India reported its highest ever single-day death toll from COVID-19 — 6,148 deaths – after an eastern state sharply raised its figures to account for people who succumbed to the disease at home or in private hospitals.
The health department of Bihar, one of India’s poorest states, revised its total COVID-related death toll on Wednesday to more than 9,400 from about 5,400.
Bihar revised its toll after the regional High Court asked for an audit of casualties during the second wave of the coronavirus in April and May.
The court’s order followed allegations that the state government was hiding the scale of infections and deaths.
An audit of deaths revealed that while 1,600 people died of COVID in Bihar between March 2020 and March 2021, the number of deaths from April to June 7 this year was a staggering 7,775, about six times more.
State capital Patna bore the brunt of the outbreak, accounting for a total of 2,303 deaths, media reports said.
The discovery of thousands of unreported deaths in Bihar lends weight to suspicion that India’s overall death tally is significantly more than the official figure.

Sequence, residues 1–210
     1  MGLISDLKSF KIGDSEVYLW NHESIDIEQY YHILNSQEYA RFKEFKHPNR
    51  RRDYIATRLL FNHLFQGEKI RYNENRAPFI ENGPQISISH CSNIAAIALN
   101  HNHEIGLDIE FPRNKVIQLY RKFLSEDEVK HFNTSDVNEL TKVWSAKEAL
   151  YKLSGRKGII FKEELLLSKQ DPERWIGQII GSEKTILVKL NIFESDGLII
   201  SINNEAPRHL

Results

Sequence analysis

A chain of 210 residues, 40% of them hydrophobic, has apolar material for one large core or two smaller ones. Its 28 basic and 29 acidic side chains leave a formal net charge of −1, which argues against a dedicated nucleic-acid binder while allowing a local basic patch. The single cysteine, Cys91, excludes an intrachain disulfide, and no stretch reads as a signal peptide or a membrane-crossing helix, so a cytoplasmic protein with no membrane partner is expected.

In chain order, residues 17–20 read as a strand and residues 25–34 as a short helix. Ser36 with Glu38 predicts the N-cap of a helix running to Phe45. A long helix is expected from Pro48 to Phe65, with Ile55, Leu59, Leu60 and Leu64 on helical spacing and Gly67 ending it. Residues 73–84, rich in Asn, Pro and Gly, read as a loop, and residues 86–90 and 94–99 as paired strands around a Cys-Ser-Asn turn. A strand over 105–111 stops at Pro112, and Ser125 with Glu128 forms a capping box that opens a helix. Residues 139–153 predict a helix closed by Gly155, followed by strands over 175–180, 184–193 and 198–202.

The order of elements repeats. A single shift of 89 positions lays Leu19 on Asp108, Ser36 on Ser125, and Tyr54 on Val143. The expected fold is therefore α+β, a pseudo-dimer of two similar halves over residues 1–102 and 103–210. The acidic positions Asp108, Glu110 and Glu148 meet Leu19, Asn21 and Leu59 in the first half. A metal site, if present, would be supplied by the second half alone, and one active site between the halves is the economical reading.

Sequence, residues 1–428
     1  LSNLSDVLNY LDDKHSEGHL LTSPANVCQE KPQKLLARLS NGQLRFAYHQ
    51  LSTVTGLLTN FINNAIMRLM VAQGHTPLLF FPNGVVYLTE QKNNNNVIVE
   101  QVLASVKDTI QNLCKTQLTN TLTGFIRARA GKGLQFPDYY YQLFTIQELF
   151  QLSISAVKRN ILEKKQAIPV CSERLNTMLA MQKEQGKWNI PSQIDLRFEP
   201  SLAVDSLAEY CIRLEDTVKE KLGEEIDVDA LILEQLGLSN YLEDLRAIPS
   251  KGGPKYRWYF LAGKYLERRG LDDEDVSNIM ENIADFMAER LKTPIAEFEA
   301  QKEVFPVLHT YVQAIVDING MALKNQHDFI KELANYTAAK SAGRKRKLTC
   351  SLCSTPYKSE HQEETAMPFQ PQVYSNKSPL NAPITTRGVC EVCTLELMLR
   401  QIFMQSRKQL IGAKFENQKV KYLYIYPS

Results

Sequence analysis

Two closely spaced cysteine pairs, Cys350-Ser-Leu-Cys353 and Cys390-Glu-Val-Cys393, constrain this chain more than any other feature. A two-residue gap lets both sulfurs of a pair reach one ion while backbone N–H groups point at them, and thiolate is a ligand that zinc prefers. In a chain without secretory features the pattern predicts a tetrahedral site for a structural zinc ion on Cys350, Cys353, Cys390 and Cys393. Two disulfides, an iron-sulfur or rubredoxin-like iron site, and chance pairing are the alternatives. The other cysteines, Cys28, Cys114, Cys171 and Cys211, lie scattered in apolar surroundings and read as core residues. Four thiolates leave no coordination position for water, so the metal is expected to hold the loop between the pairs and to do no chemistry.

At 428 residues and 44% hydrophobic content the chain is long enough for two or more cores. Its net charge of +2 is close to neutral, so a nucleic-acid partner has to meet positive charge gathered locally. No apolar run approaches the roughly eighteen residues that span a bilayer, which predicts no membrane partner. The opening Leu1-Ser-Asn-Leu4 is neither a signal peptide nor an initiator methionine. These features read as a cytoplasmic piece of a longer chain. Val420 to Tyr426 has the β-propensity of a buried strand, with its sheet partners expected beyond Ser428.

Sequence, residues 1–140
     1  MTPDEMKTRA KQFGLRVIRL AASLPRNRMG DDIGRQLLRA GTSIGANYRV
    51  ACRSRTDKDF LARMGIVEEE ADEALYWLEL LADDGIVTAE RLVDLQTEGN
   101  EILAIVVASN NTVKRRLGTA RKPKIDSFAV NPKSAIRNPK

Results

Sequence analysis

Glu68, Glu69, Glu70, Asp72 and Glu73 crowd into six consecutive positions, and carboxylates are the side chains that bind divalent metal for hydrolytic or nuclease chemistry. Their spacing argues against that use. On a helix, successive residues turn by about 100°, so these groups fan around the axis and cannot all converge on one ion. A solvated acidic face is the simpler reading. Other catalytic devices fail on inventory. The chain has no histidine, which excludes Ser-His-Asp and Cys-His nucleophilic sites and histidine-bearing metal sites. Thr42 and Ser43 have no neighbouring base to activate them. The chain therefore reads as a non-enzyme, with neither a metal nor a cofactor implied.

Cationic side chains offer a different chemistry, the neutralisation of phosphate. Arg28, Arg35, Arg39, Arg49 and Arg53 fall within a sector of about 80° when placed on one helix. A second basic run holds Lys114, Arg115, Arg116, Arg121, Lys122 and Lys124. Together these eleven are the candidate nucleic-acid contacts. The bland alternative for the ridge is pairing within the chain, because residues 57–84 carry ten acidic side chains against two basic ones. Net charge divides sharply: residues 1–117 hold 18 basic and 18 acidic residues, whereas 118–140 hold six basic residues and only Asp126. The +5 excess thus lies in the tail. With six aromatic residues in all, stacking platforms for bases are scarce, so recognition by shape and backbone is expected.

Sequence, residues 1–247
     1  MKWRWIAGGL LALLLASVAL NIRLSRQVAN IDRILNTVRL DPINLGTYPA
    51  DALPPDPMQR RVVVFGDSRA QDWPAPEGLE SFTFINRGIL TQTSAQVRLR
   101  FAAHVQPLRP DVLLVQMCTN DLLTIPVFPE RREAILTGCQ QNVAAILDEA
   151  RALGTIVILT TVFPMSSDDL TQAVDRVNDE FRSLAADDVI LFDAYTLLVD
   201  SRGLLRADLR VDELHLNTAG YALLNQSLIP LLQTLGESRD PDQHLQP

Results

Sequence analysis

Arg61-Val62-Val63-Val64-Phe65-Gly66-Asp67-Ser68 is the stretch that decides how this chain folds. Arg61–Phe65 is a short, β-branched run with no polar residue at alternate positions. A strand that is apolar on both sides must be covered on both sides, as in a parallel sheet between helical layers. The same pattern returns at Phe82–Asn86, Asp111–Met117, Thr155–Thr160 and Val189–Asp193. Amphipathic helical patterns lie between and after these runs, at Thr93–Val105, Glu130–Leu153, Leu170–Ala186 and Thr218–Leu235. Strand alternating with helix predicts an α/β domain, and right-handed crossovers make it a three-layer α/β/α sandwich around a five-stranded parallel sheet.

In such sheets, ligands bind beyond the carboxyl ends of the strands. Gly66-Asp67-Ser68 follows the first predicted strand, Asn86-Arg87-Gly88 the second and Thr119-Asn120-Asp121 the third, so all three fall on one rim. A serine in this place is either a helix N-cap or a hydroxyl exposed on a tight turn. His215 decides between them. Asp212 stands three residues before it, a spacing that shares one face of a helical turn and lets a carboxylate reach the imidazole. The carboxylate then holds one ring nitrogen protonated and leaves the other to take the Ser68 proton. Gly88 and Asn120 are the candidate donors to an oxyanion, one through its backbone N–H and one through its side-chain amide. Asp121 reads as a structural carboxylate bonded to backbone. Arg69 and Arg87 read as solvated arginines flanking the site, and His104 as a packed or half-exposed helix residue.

Indian hospitals ran out of beds and life-saving oxygen during a devastating second wave of coronavirus in April and May and people died in parking lots outside hospitals and at their homes.
Many of those deaths were not recorded in COVID-19 tallies, doctors and health experts say.
The newly reported deaths had occurred last month and state officials were investigating the lapse, a district health official said, blaming the oversight on private hospitals.
“These deaths occurred 15 days ago and were only uploaded now in the government portal. Action will be taken against some of the private hospitals,” said the official.
Health experts say they believe both coronavirus infections and deaths are being significantly undercounted across the country partly because test facilities are rare in rural areas, where two-thirds of Indians live, and hospitals are few and far.
Many people have fallen ill and died at home without being tested for the coronavirus.
As crematoriums struggled to handle the wave of deaths over the past two months, many families placed bodies in the Ganges river or buried them in shallow graves on its sandbanks.
Those people would likely not have been registered as COVID victims.
The New York Times estimated deaths based on death counts over time and infection fatality rates and put India’s toll at 600,000 to 1.6 million.
The government dismissed those estimates as exaggerated. But the main opposition Congress party said that other states must follow Bihar’s example and conduct a review of deaths over the past two months.